As the first week of the election campaign wraps up, Twitter has shown that it has become a powerful tool during political campaigns. There have already been some high profile uses of Twitter, such as being able to see clear evidence of public support for the Green Party's Elizabeth May in her debate exclusion, Harper and Ignatieff trading challenges for a one-on-one debate and @senatorjake taking a shot at reporters.
Twitter has seen a surge of activity in the Canadian political discussion, there have already been over 130,000 tweets in the first week of the campaign. The media has been highlighting the impressive numbers of Twitter volume - 30,000 tweets in first 4-5 days of the campaign. This is not the whole picture though, these numbers only reflect tweets using the election hashtags like #elxn41. Politwitter.ca has a much larger data pool to sample from, including a large directory of MPs, candidates, riding associations and more. Over 600 accounts are tracked in the federal list. Politwitter also has numerous hashtags that are indexed along with per-riding hashtags and a list of keywords that are tracked. This enables Politwitter to provide a much broader picture of the Canadian political twitterverse.
With over 130,000 tweets in the first week (18,000 tweets a day) compared to around 44,000 tweets in the week before the election campaign began. However, only around 43% of these tweets are original content, the rest being retweets. So far, Liberal MPs and candidates have been out-tweeting their competitors by almost 2:1, but the Conservatives have more MPs tweeting each day. I suspect these numbers will even out as the parties get more of their candidates on Twitter. There are currently 170 MPs on Twitter, despite my assumptions I was surprised to find that nearly 90% of the their accounts are currently active! This number is much higher than during the pre-election period. MPs and candidates have only contributed 4,000 tweets (3% of the total amount). Liberals are retweeted the most, and Liberals and Conservatives are about even for replies to their tweets.
The now widely known #elxn41 hashtag has accounted for more than half the tweets during the first week. The French language version #fed2011 has only around 10% of #elxn41's volume.
One of the intriguing things that Politwitter has been doing with all of this data is sentiment tracking. Tweets are marked as positive, negative or neutral using a method developed by Stanford University called "Sentiment Classification using Distant Supervision." Only around 20% of Tweets can be classified, the remainder don't have any or enough emotional context. But, even with that low percentage we can produce interesting results because of the volume of Tweets during this election. For example, you can see the Green party's positive to negative percentage shoot up on Wednesday when the Elizabeth May exclusion from the debates was the hot topic. Sentiment for the Liberals has stayed more positive versus the Conservatives and the NDP for most of the campaign so far; the Bloc Quebecois has enjoyed high sentiment throughout the whole period.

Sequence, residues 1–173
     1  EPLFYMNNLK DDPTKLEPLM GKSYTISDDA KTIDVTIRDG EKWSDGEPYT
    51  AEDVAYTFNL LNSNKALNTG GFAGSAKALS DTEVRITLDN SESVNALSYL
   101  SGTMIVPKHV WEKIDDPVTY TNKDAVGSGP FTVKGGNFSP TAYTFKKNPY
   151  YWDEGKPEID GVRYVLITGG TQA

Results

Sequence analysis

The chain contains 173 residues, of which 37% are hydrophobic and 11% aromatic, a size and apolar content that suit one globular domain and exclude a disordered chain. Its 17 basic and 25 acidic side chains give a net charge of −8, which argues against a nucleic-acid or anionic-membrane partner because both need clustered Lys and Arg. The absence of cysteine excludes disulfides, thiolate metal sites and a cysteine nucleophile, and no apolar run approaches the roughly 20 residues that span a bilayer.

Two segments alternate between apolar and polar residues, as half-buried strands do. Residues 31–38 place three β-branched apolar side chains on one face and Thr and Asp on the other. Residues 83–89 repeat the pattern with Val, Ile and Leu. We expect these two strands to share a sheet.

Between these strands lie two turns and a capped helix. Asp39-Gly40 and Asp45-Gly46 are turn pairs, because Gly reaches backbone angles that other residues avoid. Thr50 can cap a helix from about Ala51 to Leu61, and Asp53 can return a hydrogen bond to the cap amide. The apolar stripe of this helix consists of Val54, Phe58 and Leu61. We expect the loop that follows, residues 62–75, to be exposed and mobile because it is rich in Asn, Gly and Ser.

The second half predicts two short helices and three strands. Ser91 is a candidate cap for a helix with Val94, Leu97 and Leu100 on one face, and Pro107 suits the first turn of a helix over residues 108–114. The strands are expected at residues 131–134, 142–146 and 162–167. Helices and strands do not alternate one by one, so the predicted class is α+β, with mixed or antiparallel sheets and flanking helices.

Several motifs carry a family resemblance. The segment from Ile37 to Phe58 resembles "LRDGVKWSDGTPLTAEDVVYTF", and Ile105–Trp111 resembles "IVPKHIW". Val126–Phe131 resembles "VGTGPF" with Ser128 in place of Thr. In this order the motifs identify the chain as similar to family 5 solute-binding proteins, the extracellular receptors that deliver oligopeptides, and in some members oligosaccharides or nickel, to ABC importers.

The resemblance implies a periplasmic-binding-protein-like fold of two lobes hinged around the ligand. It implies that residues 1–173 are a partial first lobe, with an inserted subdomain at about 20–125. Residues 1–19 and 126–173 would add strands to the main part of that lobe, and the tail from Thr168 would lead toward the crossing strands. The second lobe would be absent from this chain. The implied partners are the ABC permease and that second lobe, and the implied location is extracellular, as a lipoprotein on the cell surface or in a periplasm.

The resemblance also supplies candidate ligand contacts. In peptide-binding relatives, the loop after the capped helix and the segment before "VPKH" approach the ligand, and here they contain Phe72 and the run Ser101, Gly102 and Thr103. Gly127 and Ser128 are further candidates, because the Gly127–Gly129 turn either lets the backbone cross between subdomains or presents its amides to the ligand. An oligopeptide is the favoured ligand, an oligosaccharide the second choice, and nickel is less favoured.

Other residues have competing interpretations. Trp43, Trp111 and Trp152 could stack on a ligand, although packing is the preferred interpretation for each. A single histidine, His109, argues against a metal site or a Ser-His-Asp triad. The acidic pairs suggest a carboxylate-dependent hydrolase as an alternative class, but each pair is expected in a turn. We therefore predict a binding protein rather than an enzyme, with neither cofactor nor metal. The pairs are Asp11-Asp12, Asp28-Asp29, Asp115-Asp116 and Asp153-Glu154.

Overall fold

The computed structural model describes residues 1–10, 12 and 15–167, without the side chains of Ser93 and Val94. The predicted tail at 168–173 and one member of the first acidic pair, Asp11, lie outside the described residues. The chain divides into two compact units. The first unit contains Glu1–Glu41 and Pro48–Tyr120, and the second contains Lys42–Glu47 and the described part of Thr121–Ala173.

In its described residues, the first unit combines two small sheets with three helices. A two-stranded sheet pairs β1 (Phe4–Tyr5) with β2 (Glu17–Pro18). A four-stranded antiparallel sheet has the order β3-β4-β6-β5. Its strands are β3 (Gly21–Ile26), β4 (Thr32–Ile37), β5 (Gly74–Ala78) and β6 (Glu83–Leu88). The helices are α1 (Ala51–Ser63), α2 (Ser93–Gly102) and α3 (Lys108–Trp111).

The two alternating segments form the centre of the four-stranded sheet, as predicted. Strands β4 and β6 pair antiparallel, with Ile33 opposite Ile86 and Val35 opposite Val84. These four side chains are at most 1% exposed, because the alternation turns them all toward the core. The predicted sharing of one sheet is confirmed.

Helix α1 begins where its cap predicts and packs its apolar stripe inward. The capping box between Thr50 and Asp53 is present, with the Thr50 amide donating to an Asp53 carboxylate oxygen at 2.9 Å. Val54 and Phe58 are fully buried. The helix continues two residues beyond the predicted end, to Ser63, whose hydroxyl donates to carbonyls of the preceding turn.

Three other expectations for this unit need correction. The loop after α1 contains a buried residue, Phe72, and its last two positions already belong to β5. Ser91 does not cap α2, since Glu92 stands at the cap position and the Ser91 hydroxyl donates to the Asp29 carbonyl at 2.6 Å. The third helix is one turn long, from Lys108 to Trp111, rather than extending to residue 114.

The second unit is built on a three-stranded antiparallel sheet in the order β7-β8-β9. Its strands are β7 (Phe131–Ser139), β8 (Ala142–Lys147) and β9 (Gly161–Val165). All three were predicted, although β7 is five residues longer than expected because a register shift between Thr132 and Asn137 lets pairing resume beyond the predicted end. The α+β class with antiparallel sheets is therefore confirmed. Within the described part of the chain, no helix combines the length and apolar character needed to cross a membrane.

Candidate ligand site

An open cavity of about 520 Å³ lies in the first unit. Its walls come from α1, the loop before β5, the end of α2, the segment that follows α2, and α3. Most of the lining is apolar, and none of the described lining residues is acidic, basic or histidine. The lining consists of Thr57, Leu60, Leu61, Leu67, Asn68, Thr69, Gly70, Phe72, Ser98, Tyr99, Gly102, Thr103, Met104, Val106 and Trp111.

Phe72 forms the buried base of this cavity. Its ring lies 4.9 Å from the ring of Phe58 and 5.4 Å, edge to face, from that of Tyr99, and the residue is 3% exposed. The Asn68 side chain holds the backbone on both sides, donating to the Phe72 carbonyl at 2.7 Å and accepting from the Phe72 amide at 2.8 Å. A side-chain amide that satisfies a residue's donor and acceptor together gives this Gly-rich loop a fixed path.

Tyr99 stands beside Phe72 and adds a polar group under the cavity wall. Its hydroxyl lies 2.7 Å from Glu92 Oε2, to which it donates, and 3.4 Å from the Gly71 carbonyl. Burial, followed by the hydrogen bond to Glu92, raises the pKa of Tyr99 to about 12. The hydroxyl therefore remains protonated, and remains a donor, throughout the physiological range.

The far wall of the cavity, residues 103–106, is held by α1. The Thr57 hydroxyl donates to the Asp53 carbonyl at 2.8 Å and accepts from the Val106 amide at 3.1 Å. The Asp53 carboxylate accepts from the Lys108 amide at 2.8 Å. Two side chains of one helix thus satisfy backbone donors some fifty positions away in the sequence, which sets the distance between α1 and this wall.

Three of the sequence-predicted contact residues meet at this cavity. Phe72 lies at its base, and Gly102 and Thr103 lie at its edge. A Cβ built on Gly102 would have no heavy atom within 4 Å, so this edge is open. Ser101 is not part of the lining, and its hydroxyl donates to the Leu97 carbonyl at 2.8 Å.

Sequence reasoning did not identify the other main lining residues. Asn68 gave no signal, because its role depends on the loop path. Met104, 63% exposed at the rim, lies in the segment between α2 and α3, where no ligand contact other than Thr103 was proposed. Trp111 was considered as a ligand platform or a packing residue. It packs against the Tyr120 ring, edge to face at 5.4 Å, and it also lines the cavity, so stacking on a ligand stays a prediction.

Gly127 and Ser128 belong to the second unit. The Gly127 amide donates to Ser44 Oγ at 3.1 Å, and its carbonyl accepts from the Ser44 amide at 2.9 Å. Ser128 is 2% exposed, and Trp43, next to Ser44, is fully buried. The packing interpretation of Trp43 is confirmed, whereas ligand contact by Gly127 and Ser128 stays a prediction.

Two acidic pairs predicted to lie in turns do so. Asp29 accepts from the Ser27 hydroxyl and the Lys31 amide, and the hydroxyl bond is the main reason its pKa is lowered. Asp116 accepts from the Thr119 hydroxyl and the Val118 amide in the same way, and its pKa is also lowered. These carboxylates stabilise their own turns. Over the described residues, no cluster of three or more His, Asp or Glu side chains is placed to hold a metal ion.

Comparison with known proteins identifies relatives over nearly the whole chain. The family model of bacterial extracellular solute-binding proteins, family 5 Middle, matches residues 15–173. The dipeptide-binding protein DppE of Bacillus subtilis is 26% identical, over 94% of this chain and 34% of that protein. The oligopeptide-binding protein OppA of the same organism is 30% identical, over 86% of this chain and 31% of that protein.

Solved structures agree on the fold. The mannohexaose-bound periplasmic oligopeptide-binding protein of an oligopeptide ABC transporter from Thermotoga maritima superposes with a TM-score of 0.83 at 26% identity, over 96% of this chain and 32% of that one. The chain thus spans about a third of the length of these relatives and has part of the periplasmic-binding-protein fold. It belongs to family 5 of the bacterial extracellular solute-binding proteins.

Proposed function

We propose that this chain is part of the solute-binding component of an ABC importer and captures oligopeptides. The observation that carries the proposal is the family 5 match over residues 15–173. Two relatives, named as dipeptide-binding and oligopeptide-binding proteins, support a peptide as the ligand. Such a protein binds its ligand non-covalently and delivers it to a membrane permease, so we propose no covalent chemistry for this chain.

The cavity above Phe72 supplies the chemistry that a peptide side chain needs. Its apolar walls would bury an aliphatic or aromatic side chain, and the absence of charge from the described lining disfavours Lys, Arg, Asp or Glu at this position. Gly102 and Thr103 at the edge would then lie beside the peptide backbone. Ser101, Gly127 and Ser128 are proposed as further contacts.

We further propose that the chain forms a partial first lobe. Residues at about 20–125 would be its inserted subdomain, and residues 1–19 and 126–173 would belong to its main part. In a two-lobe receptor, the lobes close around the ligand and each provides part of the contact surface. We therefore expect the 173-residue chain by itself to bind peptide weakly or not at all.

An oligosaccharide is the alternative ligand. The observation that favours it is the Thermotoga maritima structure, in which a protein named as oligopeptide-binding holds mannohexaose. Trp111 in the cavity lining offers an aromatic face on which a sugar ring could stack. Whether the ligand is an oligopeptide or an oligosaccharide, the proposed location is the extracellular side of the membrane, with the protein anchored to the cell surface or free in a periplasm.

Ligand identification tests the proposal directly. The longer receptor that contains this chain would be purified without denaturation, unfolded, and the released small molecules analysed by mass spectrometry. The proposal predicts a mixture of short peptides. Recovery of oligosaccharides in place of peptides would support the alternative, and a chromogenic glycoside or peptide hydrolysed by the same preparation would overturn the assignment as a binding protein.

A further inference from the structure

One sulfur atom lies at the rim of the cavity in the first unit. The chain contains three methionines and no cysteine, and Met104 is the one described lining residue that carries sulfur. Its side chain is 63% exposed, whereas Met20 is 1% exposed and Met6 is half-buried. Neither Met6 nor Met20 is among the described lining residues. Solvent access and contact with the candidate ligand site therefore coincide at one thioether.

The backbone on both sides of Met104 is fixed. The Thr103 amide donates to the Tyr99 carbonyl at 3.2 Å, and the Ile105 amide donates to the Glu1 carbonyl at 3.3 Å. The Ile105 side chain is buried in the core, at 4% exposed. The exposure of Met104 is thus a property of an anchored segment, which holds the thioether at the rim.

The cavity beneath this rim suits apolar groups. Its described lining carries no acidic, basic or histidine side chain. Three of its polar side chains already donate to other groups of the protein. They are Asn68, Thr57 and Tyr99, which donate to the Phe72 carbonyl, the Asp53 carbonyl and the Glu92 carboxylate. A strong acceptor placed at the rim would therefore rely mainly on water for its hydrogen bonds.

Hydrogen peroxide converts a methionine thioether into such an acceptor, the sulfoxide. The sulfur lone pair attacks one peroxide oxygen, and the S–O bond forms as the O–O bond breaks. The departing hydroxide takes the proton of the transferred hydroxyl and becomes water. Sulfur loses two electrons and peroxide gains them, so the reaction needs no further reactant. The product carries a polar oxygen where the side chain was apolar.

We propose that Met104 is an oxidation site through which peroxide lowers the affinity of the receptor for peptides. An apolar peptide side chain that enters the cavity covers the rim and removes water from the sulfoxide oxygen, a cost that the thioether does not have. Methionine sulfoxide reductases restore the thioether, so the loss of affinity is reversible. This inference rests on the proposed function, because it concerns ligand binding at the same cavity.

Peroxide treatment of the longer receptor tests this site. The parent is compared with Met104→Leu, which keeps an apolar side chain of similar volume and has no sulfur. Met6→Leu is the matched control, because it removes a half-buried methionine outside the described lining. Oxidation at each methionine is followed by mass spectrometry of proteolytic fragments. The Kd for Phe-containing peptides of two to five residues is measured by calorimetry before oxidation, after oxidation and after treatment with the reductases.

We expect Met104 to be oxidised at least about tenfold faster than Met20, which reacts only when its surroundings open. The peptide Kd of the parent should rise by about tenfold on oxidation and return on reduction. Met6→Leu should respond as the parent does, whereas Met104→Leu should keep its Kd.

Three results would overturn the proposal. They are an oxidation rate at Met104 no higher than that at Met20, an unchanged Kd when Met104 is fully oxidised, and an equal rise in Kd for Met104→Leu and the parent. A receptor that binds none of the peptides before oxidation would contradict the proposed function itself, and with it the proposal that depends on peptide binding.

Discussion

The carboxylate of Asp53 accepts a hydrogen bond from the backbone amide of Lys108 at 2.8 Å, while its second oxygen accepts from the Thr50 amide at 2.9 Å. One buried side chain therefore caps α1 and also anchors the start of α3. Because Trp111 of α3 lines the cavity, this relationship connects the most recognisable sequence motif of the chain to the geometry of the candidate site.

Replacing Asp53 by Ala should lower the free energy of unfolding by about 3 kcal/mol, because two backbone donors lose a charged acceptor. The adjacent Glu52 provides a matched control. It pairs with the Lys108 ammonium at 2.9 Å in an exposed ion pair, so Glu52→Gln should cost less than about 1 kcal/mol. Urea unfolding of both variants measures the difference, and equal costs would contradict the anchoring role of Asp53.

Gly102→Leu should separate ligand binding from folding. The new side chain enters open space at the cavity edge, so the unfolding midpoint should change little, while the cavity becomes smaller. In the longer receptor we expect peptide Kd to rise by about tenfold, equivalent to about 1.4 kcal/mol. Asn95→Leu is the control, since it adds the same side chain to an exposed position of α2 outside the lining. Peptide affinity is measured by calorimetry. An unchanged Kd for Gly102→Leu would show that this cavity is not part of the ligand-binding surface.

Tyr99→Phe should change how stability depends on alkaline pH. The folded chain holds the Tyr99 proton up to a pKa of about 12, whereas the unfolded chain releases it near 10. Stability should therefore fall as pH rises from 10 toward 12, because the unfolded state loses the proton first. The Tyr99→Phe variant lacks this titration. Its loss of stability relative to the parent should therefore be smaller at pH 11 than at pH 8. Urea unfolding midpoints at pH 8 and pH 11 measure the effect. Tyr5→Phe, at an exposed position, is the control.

Sentiment is also tracked for each of the party leaders, these numbers have moved around a fair bit through the week but at the weeks end the ranking is Gilles Duceppe, Elizabeth May, Michael Ignatieff , Stephen Harper, Jack Layton. Harper has the greatest volume of positive tweets, but the previous ranking comparing the ratio between positive and negative is more insightful. Elizabeth May has been tweeting more than the other leaders which makes sense since she declared the Greens would be using Social Media heavily and she needs to get her message out more than the others.
Politwitter is also tracking popularity and sentiment of the parties election promises. In the first week the promises by the NDP have received the greatest positive response followed by the Liberals then Conservatives. The Liberal promises have been the most popular on Twitter having the most Tweets and retweets mentioning them.
The first week of the "Twitter Election" started strong and I prediect will continue to grow in numbers with huge spikes during the debate and election day, May 2nd. What further surprises and insights will Twitter provide during the rest of the campaign? If the first week is any indication there will be more and it seems like it's the thing to be watching. The great unknown is if any of this actually affects voters and election results, time may tell.
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